3 things we have learned from previous ActiveControl implementations
Whilst helping to fill in an RFP questionnaire at another large SAP customer that is currently going through its internal procurement process to buy our DevOps Toolset, one of the questions that came up was something I’ve been asked a number of times during pre-sales conversations...
“What are your 3 main lessons learned from previous implementations?”
This really got me thinking. Considering the huge impact they can make, products like ActiveControl are remarkably straightforward to implement. There’s no doubt that some projects do run more smoothly than others, though.
Having worked for Basis Technologies for a few years now, and got a sizable number of ActiveControl implementations under my belt, I can generally tell in the first few hours of commencing a new implementation project if it’s going to be one of the few that require a bit more care and attention.
Sometimes it is the really small things, like having a desk and guest wifi ready for me when I arrive on site. Mostly it’s because of the way our new customers ‘perform’ in three key aspects of an ActiveControl project. I thought I would share them here to give some insight into the perspective of a software vendor (and maybe give future ActiveControl customers some pointers on the quickest way to get up and running). No doubt there are some parallels with other software packages!
1. The customer should involve all key stakeholders in Design and Testing as early as possible
Just like in any IT project, engaging all the key stakeholders throughout an ActiveControl implementation project, and particularly during the initial Design and Testing phases helps to ensure early buy-in to the tool, generally resulting in a much smoother go-live.
Those stakeholders also need to be given the breathing space to engage with the process and absorb the relevant information. There’s no point sending people on a training course if they’re expected to carry on doing a normal day’s work! It is perhaps no great surprise that ActiveControl users who take the time to understand the new process or the toolset beforehand experience the fewest issues when everything’s live.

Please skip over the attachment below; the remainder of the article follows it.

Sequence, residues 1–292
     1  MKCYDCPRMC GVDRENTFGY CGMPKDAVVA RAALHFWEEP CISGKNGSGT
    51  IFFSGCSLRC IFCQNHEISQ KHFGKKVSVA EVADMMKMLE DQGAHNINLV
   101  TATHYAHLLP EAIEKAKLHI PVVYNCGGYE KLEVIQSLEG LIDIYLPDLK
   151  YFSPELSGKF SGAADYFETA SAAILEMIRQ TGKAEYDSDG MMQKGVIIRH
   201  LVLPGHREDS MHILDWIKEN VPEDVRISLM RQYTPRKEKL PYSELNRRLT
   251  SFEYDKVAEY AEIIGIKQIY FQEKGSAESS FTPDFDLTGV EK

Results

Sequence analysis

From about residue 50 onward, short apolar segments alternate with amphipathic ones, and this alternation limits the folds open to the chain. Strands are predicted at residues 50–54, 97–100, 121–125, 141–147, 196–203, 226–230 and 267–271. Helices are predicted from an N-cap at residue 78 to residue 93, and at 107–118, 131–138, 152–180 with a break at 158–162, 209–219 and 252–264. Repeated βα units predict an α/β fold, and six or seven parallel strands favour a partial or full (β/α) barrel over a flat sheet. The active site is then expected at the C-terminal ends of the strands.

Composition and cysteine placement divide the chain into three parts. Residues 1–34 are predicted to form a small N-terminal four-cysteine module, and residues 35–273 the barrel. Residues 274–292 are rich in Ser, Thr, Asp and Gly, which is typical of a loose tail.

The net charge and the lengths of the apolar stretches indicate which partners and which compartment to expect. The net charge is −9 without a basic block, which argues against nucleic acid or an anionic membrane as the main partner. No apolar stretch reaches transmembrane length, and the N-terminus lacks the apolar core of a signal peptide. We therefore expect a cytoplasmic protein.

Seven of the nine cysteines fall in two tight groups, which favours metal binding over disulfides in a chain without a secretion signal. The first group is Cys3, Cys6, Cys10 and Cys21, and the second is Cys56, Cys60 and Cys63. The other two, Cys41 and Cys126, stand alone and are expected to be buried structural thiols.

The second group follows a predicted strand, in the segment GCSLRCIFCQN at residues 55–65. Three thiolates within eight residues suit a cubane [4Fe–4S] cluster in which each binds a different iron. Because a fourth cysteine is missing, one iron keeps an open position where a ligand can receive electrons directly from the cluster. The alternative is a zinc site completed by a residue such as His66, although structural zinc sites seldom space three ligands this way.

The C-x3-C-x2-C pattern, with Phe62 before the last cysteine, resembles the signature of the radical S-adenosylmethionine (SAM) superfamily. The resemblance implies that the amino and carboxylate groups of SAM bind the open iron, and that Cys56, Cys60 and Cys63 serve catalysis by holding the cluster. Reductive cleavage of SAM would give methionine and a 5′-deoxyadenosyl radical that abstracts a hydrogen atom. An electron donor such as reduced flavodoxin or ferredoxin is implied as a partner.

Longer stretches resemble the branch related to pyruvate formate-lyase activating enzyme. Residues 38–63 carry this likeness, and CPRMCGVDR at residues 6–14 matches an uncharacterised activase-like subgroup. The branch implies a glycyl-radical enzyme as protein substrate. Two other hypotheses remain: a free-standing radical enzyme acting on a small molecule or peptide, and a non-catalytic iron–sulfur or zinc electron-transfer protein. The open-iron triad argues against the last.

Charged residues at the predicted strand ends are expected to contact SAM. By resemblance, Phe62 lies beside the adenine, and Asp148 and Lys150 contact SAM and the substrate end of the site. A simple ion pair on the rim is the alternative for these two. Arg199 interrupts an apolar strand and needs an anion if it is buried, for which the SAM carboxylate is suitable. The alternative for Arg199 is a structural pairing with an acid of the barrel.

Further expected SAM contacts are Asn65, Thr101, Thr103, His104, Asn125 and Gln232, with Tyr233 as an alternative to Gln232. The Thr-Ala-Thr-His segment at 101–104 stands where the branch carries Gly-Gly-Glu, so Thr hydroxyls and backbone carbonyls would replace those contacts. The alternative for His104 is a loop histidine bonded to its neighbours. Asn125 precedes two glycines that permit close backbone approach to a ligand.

2. Pre-mobilisation of resources on the customer side is very important to ensure a timely implementation
Unlike many software implementations, ActiveControl roll-outs are typically very quick (2 - 6 weeks depending on a customer’s intended scope and complexity). The ability to get up and running fast is a real benefit, but it highlights the need to ensure that all stakeholders are readily available during the project.
Perhaps this means not planning a ActiveControl implementation during a holiday period. Or at the time when resources are likely to be busy on other work such as a large SAP project go-live etc. It’s frustrating for both the customer and the Basis Technologies team when a ActiveControl implementation has to go on-hold for several weeks (or longer) because key stakeholders aren’t available. Prior preparation and planning, and all that...